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I read an article about learning styles. It tested whether students really learn better with their dominant learning style vs strategies from other learning styles. For example visual learners learned a list of words as well as when they were give to them in a written list as a verbal list. I was skimming but I think they found learning style didn't matter.

 

Anyway I can't remember where I read this? Does it sound familar? I think it must have been a recent article somewhere. But where?

 

Thanks.

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I don't know about this - but I know that math was hard for me until I found a teacher who taught it backwards. Only 2 of us in the class liked the guy. It was the first time either of us ever really "got it" and we both made A's.

 

I wish they taught it to me backwards my entire life!

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I read somewhere an article that claimed that "bright" children simply learned to cope with their "non -dominant" learning style well enough to excel in school. Once they've picked this up, they would show similar results.

 

That doesn't really demonstrate how well they could have done, had they been taught using their dominant style from the beginning.

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I don't know about this - but I know that math was hard for me until I found a teacher who taught it backwards. Only 2 of us in the class liked the guy. It was the first time either of us ever really "got it" and we both made A's.

 

I wish they taught it to me backwards my entire life!

 

Can you explain what you mean by backwards?

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I read somewhere an article that claimed that "bright" children simply learned to cope with their "non -dominant" learning style well enough to excel in school. Once they've picked this up, they would show similar results.

 

 

 

I had read this as well. Also, there is research out there that suggests that some information is better assimilated if presented in the manner most appropriate for the material, not necessarily the learner. I have read that a strong preference for one learning style over the others can indicate a processing issue and that it is important to be able to assimilate information suing a variety of styles to insure future success. I've always followed the maxim "teach to the strength, remediate the weakness."

 

I have a son who has always been a very visual learner. He has sensory and auditory processing issues that made it difficult to learn in other ways. We have had to work on the auditory and kinesthetic processing because he will eventually have to function in a world that requires assimilating information presented in a variety of ways (i.e. college lecture for one.)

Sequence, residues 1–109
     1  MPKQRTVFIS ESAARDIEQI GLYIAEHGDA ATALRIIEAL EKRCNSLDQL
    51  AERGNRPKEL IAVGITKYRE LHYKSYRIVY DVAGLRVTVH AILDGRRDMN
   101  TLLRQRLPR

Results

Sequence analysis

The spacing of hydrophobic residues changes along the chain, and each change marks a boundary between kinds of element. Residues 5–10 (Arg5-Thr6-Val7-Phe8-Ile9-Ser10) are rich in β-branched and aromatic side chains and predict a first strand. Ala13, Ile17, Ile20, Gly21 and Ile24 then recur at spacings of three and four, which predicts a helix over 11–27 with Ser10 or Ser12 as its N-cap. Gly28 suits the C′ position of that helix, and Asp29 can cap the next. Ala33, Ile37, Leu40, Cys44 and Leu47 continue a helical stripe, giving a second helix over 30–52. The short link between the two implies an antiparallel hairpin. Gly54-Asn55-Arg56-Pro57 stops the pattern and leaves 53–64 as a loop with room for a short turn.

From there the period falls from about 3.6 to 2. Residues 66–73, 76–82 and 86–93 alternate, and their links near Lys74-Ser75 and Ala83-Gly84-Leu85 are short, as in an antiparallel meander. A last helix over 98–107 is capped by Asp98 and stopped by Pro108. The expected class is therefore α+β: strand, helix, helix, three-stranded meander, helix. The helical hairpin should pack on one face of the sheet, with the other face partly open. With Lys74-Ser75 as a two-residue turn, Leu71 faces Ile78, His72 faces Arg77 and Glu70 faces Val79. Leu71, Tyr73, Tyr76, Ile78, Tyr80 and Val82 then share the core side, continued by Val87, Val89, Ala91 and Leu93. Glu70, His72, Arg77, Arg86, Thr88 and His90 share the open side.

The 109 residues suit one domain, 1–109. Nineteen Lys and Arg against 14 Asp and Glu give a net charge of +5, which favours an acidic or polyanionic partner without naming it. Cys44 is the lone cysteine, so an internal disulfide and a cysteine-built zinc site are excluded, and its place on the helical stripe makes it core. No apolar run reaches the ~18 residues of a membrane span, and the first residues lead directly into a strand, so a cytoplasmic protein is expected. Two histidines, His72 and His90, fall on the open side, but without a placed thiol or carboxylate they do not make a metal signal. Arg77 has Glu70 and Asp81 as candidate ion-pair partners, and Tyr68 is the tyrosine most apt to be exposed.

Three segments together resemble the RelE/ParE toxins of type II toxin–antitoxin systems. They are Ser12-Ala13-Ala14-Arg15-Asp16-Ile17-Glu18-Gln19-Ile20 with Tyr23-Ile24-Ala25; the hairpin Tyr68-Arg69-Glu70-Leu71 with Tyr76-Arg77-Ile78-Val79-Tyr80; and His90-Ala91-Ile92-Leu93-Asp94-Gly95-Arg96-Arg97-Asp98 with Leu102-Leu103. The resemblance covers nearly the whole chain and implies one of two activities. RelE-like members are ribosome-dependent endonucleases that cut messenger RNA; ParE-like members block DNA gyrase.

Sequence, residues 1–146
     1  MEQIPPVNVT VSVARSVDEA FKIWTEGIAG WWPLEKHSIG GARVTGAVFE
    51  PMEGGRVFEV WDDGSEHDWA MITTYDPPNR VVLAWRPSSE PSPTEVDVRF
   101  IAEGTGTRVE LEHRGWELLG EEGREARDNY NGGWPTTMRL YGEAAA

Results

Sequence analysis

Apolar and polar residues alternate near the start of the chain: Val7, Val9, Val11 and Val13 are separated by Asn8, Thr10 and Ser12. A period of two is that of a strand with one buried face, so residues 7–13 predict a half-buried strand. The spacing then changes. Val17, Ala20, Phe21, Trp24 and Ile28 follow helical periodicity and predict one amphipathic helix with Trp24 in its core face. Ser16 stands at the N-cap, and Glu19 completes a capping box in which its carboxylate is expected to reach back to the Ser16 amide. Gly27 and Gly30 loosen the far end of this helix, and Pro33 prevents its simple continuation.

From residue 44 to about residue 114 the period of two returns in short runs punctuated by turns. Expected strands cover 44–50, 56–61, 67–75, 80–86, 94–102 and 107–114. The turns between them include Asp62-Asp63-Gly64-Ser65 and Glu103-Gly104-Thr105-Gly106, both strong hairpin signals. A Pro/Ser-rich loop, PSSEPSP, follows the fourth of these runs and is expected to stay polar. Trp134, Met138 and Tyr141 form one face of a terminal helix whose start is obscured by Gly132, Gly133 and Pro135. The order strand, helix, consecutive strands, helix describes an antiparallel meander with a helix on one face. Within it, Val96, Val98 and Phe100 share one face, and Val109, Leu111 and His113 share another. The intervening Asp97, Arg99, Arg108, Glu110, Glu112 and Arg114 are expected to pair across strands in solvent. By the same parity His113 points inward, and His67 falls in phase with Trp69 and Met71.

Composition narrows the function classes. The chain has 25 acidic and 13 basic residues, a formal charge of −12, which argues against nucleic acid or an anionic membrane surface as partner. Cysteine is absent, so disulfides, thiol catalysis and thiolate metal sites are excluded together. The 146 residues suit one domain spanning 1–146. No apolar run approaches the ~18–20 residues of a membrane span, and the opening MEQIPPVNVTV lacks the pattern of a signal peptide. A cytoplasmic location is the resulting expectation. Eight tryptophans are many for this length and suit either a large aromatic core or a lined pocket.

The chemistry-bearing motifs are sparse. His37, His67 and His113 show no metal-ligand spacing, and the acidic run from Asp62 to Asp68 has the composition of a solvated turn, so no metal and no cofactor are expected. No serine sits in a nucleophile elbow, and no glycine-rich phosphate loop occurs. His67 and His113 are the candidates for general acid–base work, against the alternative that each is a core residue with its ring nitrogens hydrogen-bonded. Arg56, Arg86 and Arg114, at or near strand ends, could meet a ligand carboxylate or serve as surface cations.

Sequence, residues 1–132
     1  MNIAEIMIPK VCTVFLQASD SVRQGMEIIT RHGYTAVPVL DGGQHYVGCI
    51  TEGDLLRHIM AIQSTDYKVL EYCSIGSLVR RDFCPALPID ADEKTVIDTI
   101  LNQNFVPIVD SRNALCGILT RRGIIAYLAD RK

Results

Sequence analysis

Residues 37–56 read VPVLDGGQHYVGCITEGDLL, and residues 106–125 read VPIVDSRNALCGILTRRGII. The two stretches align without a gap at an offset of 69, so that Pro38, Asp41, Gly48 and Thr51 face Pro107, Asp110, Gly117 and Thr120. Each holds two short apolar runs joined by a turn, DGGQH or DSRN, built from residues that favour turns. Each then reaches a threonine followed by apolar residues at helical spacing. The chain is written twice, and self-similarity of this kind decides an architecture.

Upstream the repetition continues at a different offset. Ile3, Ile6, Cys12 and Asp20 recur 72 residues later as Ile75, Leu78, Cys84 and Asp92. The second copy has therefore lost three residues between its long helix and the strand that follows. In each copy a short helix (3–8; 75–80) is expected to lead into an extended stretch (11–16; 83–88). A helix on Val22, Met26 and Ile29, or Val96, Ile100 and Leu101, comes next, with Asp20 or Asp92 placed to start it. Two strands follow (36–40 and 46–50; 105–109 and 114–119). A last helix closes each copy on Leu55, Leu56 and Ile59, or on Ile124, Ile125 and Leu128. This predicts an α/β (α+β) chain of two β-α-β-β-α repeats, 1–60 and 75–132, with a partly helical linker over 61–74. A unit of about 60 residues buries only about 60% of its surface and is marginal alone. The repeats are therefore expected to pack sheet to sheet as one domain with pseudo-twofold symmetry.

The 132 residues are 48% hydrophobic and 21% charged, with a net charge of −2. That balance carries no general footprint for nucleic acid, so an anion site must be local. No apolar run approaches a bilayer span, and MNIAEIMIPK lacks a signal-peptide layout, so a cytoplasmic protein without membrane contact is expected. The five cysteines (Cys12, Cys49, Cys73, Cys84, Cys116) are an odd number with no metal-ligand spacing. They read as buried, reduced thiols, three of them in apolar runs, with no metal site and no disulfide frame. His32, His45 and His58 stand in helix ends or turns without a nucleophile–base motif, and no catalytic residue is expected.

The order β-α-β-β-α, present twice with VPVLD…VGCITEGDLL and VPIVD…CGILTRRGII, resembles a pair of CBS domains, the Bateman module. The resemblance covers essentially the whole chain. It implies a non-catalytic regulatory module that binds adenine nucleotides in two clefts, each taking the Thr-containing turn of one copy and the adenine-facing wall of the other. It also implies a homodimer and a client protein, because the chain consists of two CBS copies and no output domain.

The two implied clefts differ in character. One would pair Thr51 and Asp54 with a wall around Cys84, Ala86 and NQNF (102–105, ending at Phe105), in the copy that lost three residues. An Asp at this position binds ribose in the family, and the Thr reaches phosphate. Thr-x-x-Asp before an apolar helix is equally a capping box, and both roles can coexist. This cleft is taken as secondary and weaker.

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I don't know about this - but I know that math was hard for me until I found a teacher who taught it backwards. Only 2 of us in the class liked the guy. It was the first time either of us ever really "got it" and we both made A's.

 

I wish they taught it to me backwards my entire life!

 

I just yesterday met an 11yo old who, who when left to himself, writes his math backwards and he explained his numbers to me with full comprehension. How do you teach math backwards? Do you teach it to your daughter backwards?

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Thanks!

 

Willingham sounds familar so I'm guessing it was an article about him or his book. At least I can now search for it.

 

I had just read a book about how to use learning styles in teaching reading and then read that article that learning styles didn't matter. So I was flummoxed.

 

The experts will probably go back and forth for a few years and then conclude that for some kids learning styles matter and others it doesn't.

 

Thanks again.

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I had read this as well. Also, there is research out there that suggests that some information is better assimilated if presented in the manner most appropriate for the material, not necessarily the learner. I have read that a strong preference for one learning style over the others can indicate a processing issue and that it is important to be able to assimilate information suing a variety of styles to insure future success. I've always followed the maxim "teach to the strength, remediate the weakness."

 

I have a son who has always been a very visual learner. He has sensory and auditory processing issues that made it difficult to learn in other ways. We have had to work on the auditory and kinesthetic processing because he will eventually have to function in a world that requires assimilating information presented in a variety of ways (i.e. college lecture for one.)

 

I agree with this. I think the learning style issue is hyped up in general, but that if you are seeing one dominant style that it is a good idea to look into testing. I've got a son who was/is a phenomenal auditory learner and low and behold, there were significant visual processing problems when I had him tested for something else.

 

I think that presenting info in multiple modes is usually helpful, and yes, there are some subjects that lend themselves better to one mode than another.

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